A day late is better than not at all. To check out other posts of, or to participate in, Alphabe Thursday, hosted by the lovely Jenny Matlock, click here.

24 comments:

  1. Susie,

    I've never seen anything like this windmill. I'd never have guessed what it is. Yes, it looks more like a ferris wheel! We saw a modern wind farm when we were on holiday recently. Windmill design has certainly changed over the years. I'm going to follow your links. Thanks for sharing!

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    1. I think this windmill would be found in places like Oz. I want to find out who was the guy who came up with the design.

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  2. What a brilliant windmill, I'd love to be able to look round it.

    Traditional windmills feature a lot in the East Anglia region of this country, especially in Norfolk and Suffolk, and I'm always seeking out new ones to photograph. Not all of them are open to the public though, and very few of the ones which are have been restored to working order; they are still worth a photo or two though.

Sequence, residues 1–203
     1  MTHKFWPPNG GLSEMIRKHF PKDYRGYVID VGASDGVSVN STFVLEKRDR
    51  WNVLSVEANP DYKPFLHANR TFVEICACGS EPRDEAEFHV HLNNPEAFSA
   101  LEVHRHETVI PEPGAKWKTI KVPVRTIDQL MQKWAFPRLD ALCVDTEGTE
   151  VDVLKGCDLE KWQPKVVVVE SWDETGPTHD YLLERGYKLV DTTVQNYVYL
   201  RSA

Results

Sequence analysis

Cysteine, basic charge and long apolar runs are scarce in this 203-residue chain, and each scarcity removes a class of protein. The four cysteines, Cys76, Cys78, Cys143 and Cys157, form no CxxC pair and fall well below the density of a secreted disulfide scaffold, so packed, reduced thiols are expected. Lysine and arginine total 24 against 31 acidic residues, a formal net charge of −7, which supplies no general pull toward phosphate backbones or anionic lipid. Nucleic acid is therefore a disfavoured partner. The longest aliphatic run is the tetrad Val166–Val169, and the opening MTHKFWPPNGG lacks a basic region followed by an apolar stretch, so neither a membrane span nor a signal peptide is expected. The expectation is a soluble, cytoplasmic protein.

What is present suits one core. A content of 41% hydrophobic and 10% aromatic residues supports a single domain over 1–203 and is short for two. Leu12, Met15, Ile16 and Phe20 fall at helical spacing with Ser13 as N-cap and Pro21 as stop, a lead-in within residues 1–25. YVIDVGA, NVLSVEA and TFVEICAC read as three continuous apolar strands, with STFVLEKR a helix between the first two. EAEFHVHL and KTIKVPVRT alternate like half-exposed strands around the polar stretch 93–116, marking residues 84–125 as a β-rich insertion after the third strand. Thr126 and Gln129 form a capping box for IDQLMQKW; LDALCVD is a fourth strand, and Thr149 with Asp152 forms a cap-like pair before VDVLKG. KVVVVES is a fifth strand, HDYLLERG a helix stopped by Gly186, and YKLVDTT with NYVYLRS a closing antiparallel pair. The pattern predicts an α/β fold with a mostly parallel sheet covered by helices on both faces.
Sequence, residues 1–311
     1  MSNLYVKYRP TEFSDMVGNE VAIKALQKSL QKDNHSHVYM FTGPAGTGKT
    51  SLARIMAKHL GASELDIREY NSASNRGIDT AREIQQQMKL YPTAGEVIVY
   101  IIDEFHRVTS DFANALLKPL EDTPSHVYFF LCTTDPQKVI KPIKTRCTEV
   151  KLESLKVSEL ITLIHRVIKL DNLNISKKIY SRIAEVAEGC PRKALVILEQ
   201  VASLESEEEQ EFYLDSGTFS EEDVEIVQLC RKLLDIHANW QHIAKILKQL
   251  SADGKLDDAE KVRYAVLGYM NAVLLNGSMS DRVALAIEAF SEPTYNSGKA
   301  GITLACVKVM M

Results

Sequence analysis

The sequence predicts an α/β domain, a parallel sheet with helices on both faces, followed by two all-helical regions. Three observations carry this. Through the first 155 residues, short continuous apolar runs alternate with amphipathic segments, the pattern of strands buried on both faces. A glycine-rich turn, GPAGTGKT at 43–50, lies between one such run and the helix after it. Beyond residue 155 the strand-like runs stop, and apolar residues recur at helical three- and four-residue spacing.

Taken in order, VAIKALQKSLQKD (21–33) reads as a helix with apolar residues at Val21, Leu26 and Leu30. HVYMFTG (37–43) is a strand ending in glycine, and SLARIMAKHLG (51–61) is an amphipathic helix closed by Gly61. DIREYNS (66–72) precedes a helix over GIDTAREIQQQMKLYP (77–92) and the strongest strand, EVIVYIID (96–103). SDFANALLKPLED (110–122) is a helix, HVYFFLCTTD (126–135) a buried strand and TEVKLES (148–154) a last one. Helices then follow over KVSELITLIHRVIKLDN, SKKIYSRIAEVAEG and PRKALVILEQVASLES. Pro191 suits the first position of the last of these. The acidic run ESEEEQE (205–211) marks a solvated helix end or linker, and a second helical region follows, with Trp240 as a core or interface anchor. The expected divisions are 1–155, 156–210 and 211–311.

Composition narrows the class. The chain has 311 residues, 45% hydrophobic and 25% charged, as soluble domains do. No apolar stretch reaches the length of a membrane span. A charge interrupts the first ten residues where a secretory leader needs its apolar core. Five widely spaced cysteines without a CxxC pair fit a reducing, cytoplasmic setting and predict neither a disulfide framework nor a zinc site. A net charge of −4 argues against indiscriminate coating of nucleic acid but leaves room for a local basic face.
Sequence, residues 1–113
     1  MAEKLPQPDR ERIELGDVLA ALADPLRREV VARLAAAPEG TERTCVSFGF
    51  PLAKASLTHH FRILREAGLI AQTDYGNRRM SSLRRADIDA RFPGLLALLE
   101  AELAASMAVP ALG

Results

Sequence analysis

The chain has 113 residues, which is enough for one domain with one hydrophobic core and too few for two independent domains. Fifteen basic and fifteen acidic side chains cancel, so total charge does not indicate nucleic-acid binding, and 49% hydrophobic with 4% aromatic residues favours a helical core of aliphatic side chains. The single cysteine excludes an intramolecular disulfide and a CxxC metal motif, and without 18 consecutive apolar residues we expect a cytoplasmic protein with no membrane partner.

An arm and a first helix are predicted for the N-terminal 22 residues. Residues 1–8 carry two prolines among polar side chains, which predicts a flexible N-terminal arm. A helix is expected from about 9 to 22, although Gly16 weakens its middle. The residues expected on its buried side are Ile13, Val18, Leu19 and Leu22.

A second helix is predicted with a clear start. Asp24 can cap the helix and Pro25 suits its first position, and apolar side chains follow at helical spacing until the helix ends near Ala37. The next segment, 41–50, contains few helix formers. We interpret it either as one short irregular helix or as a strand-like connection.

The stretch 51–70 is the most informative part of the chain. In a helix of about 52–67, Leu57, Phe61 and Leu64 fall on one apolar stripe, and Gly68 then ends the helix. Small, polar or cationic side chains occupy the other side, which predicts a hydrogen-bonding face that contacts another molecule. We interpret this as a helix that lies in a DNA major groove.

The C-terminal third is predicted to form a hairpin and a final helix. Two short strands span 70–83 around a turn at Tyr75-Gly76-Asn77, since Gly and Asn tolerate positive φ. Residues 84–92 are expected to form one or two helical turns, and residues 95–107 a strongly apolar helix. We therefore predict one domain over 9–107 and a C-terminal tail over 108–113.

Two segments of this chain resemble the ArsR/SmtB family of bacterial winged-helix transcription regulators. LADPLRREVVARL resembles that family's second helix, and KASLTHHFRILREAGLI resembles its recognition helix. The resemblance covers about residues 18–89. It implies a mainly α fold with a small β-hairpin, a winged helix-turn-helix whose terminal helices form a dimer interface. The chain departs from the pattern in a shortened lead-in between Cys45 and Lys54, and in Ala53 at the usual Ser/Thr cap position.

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    1. When we were told to check out this windmill, I truly expected to see a larger version of the regular windmills that we have in our area.

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  3. How interesting. I've never seen anything quiet like that. It's amazing what people did before electricity came about. Thanks for sharing and thanks for visiting my blog.

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    1. What I wonder is how far could this windmill be heard.

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  4. While making my rounds for Alphabe, I saw your name three times, so tho thought I should visit Susie:):) What an interesting contraption is that wind machine! Gonna show it to hubby.

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    1. :-) Contraption is the best word for it.

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  5. It could'a been a mutant desk fan in another life.

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    1. Oooh, I like that. How mega-gigantic that being was to have it as a fan.